These patients exhibit features of chronic post-traumatic stress disorder and an increase in the stress hormone cortisol, linked to obesity, fertility problems, trouble concentrating and changed brain circuitry.
Treatment for such women should be multifaceted, she says, incorporating hormone treatment and therapies with services such as legal advice and social work. At MAPrc, which takes a multidisciplinary approach, such a comprehensive strategy is possible.
The MAPrc was established by Professor Kulkarni, Professor Paul Fitzgerald and Anthony de Castella in 1994, when all three were young researchers at a suburban hospital in outer Melbourne, and 20 years later all three are still together at the helm. The centre has operated in partnership with The Alfred, a major metropolitan hospital, since 2002, when Professor Kulkarni was appointed its chair of psychiatry.
The team aspires to operate like the Mayo Clinic in the US, the world's first and largest integrated not-for-profit medical group practice, which also houses multiple research streams and a diverse group of staff.
At MAPrc, researchers and clinicians from different fields often collaborate on the centre's 100-plus projects. Staff specialities include medicine, psychiatry, pharmacology, physics, endocrinology, engineering, fundamental science and even art. Researchers are also appointees of Monash or Swinburne University of Technology, and dozens of undergraduate and postgraduate students from both institutions consistently rotate through the centre.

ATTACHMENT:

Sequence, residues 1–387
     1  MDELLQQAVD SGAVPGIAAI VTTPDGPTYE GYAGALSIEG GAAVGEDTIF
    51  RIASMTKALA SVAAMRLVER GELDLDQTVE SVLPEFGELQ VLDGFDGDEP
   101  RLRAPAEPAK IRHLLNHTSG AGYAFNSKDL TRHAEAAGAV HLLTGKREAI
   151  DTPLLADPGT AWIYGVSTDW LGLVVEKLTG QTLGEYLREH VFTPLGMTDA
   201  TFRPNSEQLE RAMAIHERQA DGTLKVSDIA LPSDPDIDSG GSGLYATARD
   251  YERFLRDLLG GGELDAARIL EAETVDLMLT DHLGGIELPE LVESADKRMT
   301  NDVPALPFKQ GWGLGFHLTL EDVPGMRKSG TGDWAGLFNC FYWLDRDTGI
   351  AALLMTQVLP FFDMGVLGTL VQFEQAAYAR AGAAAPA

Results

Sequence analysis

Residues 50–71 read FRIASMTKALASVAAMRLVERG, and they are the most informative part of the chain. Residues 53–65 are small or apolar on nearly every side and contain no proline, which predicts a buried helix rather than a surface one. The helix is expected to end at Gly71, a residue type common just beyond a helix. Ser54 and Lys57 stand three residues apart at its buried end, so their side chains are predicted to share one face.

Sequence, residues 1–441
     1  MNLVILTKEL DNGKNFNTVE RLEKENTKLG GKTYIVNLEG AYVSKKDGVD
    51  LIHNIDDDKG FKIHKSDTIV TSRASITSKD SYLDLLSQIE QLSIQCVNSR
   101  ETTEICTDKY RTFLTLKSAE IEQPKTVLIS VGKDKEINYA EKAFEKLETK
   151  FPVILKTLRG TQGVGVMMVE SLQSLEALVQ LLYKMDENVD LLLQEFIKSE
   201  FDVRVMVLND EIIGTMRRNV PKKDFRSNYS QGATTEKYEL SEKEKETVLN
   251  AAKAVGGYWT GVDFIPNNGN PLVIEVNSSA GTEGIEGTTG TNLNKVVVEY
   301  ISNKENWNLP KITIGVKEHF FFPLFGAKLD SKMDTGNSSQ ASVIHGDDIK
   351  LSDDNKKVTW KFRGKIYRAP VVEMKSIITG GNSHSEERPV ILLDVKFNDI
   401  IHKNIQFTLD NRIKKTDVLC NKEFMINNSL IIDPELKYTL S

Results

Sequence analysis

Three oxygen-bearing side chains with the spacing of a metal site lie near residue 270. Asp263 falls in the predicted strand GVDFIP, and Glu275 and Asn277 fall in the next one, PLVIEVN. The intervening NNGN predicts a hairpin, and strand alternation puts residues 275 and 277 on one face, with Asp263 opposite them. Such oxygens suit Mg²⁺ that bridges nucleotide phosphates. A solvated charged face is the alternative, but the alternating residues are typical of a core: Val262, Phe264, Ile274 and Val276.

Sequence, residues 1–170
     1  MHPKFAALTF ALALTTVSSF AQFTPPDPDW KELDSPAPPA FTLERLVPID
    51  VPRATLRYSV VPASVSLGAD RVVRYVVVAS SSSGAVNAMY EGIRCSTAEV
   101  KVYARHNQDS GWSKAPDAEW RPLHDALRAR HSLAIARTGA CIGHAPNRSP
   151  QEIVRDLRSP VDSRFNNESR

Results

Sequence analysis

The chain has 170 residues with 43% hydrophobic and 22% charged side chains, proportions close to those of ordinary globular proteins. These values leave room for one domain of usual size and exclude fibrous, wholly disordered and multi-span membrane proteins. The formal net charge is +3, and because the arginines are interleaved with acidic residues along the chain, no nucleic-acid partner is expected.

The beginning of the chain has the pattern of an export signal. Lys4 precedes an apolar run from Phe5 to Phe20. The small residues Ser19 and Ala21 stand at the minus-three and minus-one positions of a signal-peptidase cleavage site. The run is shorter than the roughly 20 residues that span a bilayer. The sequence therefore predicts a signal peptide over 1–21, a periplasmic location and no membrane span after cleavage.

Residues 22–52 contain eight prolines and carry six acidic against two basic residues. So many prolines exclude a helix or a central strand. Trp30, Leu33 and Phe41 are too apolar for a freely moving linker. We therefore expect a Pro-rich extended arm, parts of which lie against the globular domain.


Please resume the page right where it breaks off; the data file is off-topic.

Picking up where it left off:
Recently, a statewide assistance program for problem gamblers was established at The Alfred thanks to a MAPrc project, which found that up to 80 per cent of problem gamblers experience suicidal thoughts and 23 per cent had attempted suicide. The research was triggered after nurses told MAPrc staff that many suicide-attempt patients had mentioned gambling problems. Professor Kulkarni describes the project, financed by the Victorian Department of Justice, as "action research".
"The centre is full of people who are incredibly enthusiastic and we all share that passion. But what really keeps us going is when you have someone like Linda. She improved. She waltzed out of here and that just made our day, our week, our month."
Psychiatry's tilt at better diagnoses
Measuring a brain's electrical activity while someone sits comfortably in a special tilt chair is the future of mental illness diagnosis, says Monash Alfred Psychiatry research centre (MAPrc) director Professor Jayashri Kulkarni.
The innovation – EVestG – won the Australian Broadcasting Corporation's New Inventors television series in 2010. It is regarded as a major advance in mental health, quickly and accurately measuring a biological marker for psychiatric conditions.